Coleman Hawkins' Reign during the Harlem Renaissance

Topics: Blues, Jazz, African American culture Pages: 5 (1646 words) Published: March 30, 2006
Coleman Hawkins' Reign During the Harlem Renaissance
A very big part of the 1920's was the Harlem Renaissance also known as the "New Negro Movement." It brought out the art, music, and literature side of most African American people. This took place in New York and during the 1920's and ended around the early 1940's. Coleman Hawkins was an African American figure during the Harlem Renaissance that sparked jazz music. A modern figure that resembles Coleman Hawkins is BB King, who continues to promote black culture. BB King is still alive and light on his feet and playing music with the same passion that he had when he was young.(Geffen)

The Harlem Renaissance was a period of time that black music, art, and literature actually started to become known. This was a very important part in African American history because it was one of the first times in American history that many African Americans could earn a living and be recognized for something they accomplished ( Jackson 1). This time period also influenced blacks to come out of there shells and start sharing with the world there different cultures. The nightlife during the Harlem Renaissance became very alive. People were going to clubs listening to the jazz musicians, dancing on the streets, and just going out and having a good time.

Many other African American people were becoming famous through theatres, music, art , and literature. The people that were directly involved with the renaissance were often more of the educated and middle class blacks (Jackson 2) . During the 1920's in the United States the Great Migration was going on. This would cause many African Americans to move away from the south and head north. By doing this, this caused them to populate more and more in New York, which was the heart of the Harlem Renaissance. (Jackson 2).

In our world today there are many African American people that are still writing music, doing art, and writing literature. For instance black people have sort of made there own music called hip hop/ rap. This is there way of expressing there different backgrounds and cultures through there music. In today's world things have gotten a lot easier for African American people to succeed. No one is really judged by there color of skin but more of how good they are at what they are doing.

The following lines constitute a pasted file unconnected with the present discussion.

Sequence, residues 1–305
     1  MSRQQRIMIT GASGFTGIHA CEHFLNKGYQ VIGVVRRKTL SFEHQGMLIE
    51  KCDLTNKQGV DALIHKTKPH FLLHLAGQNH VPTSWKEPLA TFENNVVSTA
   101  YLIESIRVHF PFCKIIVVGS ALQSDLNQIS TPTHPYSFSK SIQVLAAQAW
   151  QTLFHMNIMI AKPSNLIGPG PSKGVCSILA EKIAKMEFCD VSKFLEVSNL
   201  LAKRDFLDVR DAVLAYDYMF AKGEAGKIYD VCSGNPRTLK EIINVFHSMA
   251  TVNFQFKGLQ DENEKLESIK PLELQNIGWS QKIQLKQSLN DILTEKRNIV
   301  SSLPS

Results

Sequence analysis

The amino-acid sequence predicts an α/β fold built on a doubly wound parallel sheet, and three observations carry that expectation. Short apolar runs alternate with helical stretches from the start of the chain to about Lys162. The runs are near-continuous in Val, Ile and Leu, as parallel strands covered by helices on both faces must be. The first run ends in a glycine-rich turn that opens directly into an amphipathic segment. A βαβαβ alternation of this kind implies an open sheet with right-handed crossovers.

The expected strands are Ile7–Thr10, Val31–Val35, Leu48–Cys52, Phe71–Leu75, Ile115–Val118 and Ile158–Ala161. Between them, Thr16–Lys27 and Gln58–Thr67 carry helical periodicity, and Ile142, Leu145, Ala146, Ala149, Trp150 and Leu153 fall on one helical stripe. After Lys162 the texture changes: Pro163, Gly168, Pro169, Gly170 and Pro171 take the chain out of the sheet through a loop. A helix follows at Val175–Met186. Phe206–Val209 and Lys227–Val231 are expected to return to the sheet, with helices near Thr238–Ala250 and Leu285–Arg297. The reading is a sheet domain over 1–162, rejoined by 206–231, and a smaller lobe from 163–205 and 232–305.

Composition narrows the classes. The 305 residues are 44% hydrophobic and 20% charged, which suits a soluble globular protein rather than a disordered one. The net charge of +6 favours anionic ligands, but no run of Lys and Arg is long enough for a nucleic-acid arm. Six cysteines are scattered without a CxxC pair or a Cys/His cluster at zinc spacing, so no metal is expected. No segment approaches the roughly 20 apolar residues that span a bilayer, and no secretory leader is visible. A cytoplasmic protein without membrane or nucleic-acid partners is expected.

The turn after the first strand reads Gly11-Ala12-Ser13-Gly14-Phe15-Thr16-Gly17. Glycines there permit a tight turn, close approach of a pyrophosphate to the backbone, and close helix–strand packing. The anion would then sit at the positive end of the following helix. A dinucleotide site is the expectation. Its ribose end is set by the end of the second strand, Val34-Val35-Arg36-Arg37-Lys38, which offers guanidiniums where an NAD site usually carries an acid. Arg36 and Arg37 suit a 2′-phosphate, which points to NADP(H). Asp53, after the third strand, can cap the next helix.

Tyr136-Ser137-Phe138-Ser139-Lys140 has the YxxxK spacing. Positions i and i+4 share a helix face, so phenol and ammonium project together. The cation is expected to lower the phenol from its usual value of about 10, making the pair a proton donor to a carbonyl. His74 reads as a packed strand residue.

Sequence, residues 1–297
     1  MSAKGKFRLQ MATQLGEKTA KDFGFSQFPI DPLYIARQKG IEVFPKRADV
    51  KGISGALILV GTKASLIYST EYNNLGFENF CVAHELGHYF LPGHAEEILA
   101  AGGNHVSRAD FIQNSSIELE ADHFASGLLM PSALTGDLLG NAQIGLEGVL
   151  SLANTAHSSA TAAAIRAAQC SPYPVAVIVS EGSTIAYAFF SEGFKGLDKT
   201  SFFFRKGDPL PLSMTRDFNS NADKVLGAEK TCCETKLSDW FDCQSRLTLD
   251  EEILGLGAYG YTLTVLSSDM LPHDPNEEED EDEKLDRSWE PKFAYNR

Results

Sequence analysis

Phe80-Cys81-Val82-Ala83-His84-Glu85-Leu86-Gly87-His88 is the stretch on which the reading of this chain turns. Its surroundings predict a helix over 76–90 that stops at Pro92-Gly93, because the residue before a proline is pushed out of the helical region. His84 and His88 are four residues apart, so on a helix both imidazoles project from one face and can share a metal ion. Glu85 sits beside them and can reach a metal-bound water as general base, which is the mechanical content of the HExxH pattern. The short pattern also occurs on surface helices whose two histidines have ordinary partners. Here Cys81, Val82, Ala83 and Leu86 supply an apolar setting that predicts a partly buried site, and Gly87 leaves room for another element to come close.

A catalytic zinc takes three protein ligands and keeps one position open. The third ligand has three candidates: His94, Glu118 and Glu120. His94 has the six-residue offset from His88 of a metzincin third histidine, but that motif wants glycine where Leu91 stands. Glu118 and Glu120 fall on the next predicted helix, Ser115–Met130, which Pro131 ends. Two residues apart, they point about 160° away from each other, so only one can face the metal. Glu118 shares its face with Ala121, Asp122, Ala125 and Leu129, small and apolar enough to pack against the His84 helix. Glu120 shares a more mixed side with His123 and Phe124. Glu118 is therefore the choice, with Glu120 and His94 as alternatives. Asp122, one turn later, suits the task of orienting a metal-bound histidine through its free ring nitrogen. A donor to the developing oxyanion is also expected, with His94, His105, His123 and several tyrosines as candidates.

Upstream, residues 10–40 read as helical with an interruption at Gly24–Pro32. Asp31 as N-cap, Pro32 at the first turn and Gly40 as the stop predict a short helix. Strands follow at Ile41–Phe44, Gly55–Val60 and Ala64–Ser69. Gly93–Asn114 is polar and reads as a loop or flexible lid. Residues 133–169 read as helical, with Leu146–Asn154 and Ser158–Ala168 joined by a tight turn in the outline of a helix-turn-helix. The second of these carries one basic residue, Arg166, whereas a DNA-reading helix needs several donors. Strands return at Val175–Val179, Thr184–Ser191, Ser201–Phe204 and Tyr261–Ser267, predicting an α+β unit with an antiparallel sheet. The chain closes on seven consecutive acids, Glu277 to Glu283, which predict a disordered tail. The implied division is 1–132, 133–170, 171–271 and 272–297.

Coleman Hawkins was born on November 12th, 1904, and really started to become popular through the 1920's. At the young age of five he began playing the piano, and the cello at age seven. Then on his ninth birthday he requested a tenor sax and he received it. He was already successful by the age of twelve because he was playing professionally at school dances. (Richardson 1). Almost all of the good jazz musicians were born in the twentieth century and became successful before the age of thirty ( Richardson 1). Therefore you know that Hawkins, also known as the "Hawk", was something special if he was already performing at the age of 12.

Hawkins attended high school in Chicago, and after he graduated from there he went to Washburn College for a period of two years. At Washburn College Hawkins studied the subjects of compositions and harmony( TBS 1) . In the spring of 1921 is when " The Hawk" really had his first real job. He played at the 12th Street Theater in the orchestra (Richardson 2). Over the next year Coleman really started to get popular. He begin to tour with Mamie Smith and also the Jazz Hounds. After about a year with the Jazz hounds, Hawkins left them and join with Fletcher Henderson for the next ten years. Once he started touring with Henderson he became a star almost instantly (Richardson 2). Hawkins also would wear the most expensive cloths and drive some of the most expensive cars when he was touring with Henderson (Richardson 2).

One author writes " In Hawkins I fully expected to see a god. And I did… When he greeted someone between sets, his voice was stately and deep, a match for his sound on tenor. He exuded...
Continue Reading

Please join StudyMode to read the full document

You May Also Find These Documents Helpful

  • THE Harlem Renaissance Essay
  • Harlem Renaissance 1 research project Essay
  • The Harlem Renaissance Essay
  • Harlem Renaissance Essay
  • Harlem Renaissance Essay
  • Harlem Renaissance Essay
  • The Harlem Renaissance Essay
  • Harlem Renaissance Essay

Become a StudyMode Member

Sign Up - It's Free